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TaskRouter and the Internet of Things


There are millions of devices hooked up to the Internet and generating data, from refrigerators monitoring their contents to webcams tracking intruders. These connected devices, collectively referred to as the “Internet of Things” often create work that needs to be done by humans. How do we keep track of all that work? How do we assign that work to an appropriately skilled and available worker? How do we know when it’s done?

To solve problems like these Twilio just launched TaskRouter, a service to distribute work that needs to be done to workers who can do it.

In a recent post, Greg Baugues showed how to build an Arduino Yún powered photobooth. In this post we’re going to take the images generated from the photobooth and create a task that only humans can do — coming up with funny captions.

How Does It Work?

The photobooth tutorial culminated in uploading photos to Dropbox. This tutorial picks up where it left off.

  • When a new file is uploaded to Dropbox a task gets created
  • Volunteers text into the system and are added as a worker
  • Workers are set to “Idle,” indicating that they are available to do work
  • TaskRouter matches a picture that needs captioning with an idle worker. Our app sends them a photo via MMS
  • The worker is marked as “Busy” until they reply with a caption
  • Once a caption is received, worker is changed back to “Idle” and waits for their next assignment

Getting Started

We’re going to build our distributed photo captioning app using Ruby and Sinatra.

You don’t need a fully functional Arduino powered photobooth to follow along with this post. You do, however, need to set up a Dropbox app. You can find those instructions in the “Arduinos and Dropbox” section in the photobooth tutorial. Once you have your Dropbox app setup you can mimic the photobooth by manually uploading files to Dropbox.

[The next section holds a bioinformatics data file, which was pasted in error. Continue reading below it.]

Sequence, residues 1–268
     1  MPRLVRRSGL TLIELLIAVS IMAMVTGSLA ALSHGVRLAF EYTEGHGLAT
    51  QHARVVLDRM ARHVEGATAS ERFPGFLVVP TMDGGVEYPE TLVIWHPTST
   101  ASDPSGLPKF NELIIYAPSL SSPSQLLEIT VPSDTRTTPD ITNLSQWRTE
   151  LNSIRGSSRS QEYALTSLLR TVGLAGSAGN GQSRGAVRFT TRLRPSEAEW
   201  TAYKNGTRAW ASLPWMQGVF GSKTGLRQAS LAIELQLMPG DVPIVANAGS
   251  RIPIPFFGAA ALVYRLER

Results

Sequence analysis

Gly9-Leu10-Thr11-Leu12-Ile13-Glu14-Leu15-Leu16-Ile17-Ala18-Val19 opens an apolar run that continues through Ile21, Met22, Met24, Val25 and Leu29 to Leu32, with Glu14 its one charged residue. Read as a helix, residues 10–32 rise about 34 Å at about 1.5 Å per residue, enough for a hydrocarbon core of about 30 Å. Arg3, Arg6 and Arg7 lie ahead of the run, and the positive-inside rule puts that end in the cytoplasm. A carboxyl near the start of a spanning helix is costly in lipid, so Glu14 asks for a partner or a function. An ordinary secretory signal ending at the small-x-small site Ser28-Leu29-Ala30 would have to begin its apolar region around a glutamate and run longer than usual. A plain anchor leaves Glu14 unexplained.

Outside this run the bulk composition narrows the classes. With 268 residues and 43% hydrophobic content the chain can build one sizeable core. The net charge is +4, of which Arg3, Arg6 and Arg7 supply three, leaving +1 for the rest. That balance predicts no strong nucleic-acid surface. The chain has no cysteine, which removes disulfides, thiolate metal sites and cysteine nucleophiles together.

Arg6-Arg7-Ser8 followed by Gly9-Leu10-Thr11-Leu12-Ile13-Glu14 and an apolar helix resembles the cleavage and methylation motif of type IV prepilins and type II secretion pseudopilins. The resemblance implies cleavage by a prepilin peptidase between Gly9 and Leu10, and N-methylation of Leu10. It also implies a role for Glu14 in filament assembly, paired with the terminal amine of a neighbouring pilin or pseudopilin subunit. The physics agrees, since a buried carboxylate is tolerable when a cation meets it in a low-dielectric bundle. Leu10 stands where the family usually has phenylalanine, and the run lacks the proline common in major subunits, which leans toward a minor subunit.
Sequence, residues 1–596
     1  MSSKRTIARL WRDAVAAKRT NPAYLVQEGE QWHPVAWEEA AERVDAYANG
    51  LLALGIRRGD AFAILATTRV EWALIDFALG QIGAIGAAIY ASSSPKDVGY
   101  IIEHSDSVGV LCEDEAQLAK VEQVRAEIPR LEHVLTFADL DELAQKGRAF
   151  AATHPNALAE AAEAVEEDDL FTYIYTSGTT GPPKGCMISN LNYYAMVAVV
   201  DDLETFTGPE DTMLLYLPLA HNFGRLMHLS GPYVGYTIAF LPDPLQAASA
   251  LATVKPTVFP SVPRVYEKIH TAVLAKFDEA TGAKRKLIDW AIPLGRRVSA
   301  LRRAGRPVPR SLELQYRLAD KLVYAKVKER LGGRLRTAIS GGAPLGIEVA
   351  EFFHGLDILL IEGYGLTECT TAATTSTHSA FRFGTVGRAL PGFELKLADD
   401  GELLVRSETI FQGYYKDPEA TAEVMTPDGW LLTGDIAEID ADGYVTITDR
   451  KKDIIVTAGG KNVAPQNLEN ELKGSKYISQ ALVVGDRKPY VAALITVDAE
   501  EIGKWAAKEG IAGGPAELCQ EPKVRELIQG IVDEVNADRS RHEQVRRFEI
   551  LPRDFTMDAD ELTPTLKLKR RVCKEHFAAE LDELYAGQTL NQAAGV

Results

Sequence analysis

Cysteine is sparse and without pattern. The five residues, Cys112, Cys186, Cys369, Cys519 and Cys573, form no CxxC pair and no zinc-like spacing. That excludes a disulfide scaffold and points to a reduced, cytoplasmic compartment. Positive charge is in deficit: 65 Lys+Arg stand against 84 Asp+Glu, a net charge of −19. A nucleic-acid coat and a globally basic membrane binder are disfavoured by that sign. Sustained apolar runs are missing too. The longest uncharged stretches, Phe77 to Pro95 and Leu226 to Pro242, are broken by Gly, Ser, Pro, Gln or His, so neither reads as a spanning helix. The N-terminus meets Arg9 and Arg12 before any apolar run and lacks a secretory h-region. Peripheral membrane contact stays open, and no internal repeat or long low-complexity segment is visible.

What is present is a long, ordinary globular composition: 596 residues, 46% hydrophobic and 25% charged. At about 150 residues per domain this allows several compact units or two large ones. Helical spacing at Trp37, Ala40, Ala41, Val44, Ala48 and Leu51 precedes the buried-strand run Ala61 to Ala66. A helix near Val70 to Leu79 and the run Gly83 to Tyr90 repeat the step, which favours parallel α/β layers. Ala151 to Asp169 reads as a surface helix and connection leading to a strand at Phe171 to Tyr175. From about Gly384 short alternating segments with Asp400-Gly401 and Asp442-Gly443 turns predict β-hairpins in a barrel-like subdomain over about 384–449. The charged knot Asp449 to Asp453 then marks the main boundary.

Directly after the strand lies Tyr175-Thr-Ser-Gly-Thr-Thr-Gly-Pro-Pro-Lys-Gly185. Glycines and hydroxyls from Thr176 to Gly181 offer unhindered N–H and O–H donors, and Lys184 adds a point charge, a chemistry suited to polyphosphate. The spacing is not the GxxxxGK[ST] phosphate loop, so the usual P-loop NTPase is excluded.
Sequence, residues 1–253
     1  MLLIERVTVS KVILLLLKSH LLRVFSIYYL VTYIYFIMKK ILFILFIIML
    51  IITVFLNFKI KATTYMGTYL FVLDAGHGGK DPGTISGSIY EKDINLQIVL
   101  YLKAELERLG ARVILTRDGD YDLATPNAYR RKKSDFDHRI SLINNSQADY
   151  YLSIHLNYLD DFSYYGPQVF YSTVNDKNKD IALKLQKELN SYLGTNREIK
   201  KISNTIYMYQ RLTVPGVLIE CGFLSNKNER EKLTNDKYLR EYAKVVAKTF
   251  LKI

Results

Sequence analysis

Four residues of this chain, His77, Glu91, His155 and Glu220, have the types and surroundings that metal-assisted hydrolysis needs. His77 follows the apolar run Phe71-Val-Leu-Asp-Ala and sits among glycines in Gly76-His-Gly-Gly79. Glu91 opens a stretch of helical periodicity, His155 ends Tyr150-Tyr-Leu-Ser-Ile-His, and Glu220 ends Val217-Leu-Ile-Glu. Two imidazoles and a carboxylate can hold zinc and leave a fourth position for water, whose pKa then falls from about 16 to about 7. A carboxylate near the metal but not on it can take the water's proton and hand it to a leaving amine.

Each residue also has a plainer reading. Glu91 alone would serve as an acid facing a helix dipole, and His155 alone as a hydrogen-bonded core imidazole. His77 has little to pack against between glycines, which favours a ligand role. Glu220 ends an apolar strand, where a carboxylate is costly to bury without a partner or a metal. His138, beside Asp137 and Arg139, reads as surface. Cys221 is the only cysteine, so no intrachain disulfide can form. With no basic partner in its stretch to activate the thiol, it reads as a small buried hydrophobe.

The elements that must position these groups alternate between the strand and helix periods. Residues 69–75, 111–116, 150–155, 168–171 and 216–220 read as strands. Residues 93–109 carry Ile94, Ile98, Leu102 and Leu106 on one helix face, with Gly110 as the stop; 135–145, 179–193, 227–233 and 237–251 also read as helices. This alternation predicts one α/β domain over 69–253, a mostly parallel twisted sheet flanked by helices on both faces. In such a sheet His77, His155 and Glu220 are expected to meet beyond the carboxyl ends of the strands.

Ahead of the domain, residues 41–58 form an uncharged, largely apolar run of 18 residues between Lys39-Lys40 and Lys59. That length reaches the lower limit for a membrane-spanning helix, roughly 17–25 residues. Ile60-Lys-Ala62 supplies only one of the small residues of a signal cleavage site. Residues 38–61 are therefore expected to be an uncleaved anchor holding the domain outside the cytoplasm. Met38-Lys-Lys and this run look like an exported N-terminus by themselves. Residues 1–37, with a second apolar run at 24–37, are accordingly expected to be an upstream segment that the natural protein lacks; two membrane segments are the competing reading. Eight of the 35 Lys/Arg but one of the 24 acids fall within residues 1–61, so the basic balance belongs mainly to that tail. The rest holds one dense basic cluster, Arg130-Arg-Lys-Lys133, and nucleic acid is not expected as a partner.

In addition to a Dropbox app, you’ll need:

  • a free Twilio account
  • an MMS-enabled Twilio number (only available on US and Canadian numbers)
  • ngrok, free IP tunneling software

A Note on Ngrok

Your development machine is most likely hiding behind a router and lacks a publicly accessible IP address. However, both Dropbox and Twilio need to make HTTP requests to this app, so you’ll need to create a tunnel from the public internet to your local server.

Our favorite way to do this is ngrok. If you haven’t already, download ngrok and move it to your home directory. Also sign up for a free ngrok account and follow the instructions on how to set up custom domains. This way you won’t have to change your webhook urls on the Twilio and Dropbox dashboards everytime you restart ngrok. If you’d like to learn more about ngrok, check out Kevin Whinnery’s great tutorial on ngrok.

Once you’ve got ngrok installed, start it up with a custom subdomain (your name perhaps) and point it at port 9292:

./ngrok -subdomain=example 9292

Leave ngrok open in a terminal window for the rest of this tutorial.

Setting Up TaskRouter

The best place to start building a TaskRouter application is the TaskRouter dashboard. TaskRouter applications are scoped to a Workspace. Let’s make one:

  • Click Create Workspace
  • Give your workspace a friendly name of “Photobooth Captions”
  • Leave Template set to None
  • Click Save

Once your workspace is created, change the Default Activity from “Offline” to “Idle.” We’ll discuss why in a few minutes but the short answer is that we want our workers ready to receive work as soon as they enter the system.


Next we need to create a Task Queue. Click Task Queues at the top of the dashboard, then click Create Task Queue and configure it with the following properties: